The National Center for Learning Disabilities (NCLD) published a guide to accelerate learning for children with disabilities during and beyond the COVID-19 pandemic. Recommendations align with guidance from Drs. Dudovitz and Hotez, which are to educate students alongside their peers, redesign the curriculum and prioritize inclusion.
The spring served as an opportunity for families to address the specifics in their children’s Individualized Education Program (IEP), a legal document used to outline how the school will meet the child’s needs – such as specialized transportation, speech-language pathology and audiology services, psychological services, recreation, social work services and more.
“If the current IEP is not working for your child, ask for another IEP meeting to review sooner to come up with additional work-arounds,” Dr. Dudovitz says.
She says pediatricians will write letters for families that lay out the services that are important to the child's development or success in school. This can be a helpful tool during the IEP meeting process and for families not proficient in the English language.
“We view our role as a co-team member with parents to try to make sure that their children are thriving,” Dr. Dudovitz says.
Additional guidance for families helping their children transition back into the school environment includes:
“Having a structured routine at home lets kids know what is expected at each part of the day, which can be really helpful for them,” says Dr. Dudovitz.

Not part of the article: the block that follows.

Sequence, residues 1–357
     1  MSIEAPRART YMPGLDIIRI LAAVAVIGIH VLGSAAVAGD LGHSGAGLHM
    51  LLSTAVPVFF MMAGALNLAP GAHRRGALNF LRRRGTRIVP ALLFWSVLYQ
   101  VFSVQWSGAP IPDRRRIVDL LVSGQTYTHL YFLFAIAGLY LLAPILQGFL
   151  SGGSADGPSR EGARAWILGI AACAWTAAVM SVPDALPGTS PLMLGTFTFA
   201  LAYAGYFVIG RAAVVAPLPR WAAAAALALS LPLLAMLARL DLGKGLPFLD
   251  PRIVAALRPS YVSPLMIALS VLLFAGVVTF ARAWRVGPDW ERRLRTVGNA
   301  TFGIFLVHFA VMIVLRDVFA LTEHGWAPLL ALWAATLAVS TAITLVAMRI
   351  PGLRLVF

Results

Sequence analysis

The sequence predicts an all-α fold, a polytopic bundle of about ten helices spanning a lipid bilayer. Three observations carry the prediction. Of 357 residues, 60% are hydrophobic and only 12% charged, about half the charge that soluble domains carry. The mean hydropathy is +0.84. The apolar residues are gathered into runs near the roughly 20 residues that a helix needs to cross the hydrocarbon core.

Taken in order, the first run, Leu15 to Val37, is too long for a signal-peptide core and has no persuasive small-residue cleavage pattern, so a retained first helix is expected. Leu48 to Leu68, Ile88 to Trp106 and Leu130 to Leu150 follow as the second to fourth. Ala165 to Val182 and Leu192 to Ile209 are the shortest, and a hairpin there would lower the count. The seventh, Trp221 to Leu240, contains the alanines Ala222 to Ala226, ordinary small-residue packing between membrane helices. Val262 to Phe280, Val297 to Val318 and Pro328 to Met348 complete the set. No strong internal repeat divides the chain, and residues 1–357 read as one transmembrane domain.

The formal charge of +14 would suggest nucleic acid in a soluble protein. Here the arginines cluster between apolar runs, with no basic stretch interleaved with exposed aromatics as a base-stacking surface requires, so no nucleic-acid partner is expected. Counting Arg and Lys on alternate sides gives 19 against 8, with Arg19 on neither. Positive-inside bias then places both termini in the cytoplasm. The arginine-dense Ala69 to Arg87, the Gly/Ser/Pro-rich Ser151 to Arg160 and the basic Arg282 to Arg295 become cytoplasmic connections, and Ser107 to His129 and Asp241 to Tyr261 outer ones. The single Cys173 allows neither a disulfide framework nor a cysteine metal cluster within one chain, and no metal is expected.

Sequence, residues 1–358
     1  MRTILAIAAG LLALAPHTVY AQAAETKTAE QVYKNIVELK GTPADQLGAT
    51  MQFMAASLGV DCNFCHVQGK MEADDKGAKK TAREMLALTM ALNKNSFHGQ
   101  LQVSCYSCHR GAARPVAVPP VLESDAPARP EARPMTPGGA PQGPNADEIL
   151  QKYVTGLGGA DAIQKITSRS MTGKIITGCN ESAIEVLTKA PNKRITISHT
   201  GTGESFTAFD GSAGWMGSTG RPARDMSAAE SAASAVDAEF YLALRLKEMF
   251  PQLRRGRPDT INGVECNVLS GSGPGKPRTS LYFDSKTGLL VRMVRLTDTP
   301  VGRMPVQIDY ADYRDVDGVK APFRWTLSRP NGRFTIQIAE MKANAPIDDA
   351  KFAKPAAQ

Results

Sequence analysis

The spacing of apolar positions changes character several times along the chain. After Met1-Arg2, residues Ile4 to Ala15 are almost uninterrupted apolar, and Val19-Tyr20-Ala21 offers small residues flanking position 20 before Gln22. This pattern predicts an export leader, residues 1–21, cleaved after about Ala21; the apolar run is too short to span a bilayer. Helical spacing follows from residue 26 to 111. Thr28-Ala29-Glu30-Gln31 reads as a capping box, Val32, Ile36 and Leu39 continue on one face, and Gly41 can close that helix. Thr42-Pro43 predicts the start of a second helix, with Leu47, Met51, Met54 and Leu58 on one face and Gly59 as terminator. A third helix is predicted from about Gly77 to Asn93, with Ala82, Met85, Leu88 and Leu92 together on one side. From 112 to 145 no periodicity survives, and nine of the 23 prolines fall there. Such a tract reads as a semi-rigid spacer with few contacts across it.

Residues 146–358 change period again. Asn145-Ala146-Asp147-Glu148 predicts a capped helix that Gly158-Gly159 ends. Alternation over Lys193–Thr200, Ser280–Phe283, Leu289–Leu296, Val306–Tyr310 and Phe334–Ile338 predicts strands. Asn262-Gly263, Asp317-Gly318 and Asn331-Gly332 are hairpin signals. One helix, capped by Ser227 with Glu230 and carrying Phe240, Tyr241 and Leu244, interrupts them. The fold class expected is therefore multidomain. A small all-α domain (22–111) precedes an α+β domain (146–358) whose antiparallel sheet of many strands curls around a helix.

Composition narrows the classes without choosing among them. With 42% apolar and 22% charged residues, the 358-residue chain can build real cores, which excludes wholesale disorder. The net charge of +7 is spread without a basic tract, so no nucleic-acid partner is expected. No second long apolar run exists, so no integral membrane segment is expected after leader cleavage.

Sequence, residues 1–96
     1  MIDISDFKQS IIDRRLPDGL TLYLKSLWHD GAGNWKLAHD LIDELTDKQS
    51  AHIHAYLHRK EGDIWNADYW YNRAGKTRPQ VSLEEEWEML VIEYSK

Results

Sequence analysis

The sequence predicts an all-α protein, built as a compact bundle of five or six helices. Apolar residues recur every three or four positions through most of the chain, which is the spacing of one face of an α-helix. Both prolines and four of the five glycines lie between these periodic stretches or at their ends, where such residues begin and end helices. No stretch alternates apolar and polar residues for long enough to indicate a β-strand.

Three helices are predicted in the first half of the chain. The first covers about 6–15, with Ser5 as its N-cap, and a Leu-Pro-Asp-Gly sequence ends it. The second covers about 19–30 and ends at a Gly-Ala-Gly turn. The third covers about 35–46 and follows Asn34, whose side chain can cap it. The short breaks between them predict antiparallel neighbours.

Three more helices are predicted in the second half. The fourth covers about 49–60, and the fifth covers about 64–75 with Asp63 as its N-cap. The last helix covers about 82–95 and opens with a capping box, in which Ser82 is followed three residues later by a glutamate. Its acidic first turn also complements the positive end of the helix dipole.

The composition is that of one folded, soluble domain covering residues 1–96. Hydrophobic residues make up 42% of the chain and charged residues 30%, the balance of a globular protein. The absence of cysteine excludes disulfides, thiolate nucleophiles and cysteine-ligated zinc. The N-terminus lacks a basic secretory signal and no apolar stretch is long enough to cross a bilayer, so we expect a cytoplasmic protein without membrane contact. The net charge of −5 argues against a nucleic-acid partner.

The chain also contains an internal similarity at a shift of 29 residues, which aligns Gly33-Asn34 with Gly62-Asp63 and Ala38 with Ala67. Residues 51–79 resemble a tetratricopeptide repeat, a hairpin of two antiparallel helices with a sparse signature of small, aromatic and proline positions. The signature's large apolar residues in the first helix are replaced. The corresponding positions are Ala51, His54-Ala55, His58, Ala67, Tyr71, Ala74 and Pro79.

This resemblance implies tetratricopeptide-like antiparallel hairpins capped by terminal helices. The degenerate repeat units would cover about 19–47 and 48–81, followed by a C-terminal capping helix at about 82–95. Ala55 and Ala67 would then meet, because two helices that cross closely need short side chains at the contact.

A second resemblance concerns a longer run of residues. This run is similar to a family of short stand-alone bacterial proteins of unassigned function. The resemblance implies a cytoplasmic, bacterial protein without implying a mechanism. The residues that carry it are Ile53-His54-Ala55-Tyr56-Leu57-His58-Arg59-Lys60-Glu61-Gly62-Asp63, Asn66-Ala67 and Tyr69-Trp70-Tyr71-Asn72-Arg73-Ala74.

As tools to communicate expectations and rules, routines help children feel secure, she says.
The Centers for Disease Control and Prevention recommends these three tips for creating structure at home:
1. Consistency – doing the same thing every time;
2. Predictability – expecting or knowing what is going to happen;
3. Follow-through – enforcing the consequence, such as “say what you mean and mean what you say.”
Examples of routines to implement are hand washing and consistent timing of meals and sleep.
“Screen time is something we know is not great for children's development and can affect their sleep,” Dr. Dudovitz says. According to a study in Research in Developmental Disabilities, common sleep issues in children with intellectual disabilities include trouble settling down at night, co-sleeping with a parent or caregiver and waking up very early in the morning.
Good sleep hygiene comes in part from enforcing consistent sleeping and waking times and establishing a soothing bedtime routine that includes turning off screens.
Dr. Hotez says adjusting to routines takes time, so using verbal reminders and visual cues can be helpful.
If applicable to your child, families and caregivers can make several small modifications to further support, such as being mindful of lighting for visually impaired children and clearing clutter and paths to prevent trip hazards.
“Having a quiet, consistent place for children to participate in school or other activities can be very helpful too,” Dr. Dudovitz says.
Lastly, she says it’s imperative for families to “hold onto those activities where their children really shine.”
“It's really important that kids still have joy and fun and are able to do things where they can be successful,” Dr. Dudovitz says.
She says parents can support their children’s social and emotional health by talking about feelings.
They can also model healthy coping strategies such as mediation for conflicts and mindfulness, and find ways to maintain social connections with peers during this period of transition.
As schools work toward safely reopening, Dr. Dudovitz emphasizes the importance of collaboration between schools, families and health care providers to acknowledge all the social, emotional and health needs that children carry with them.
“Addressing all of those needs are so important for those children to be successful.”
Find out more about the UCLA Children's Discovery and Innovation Institute.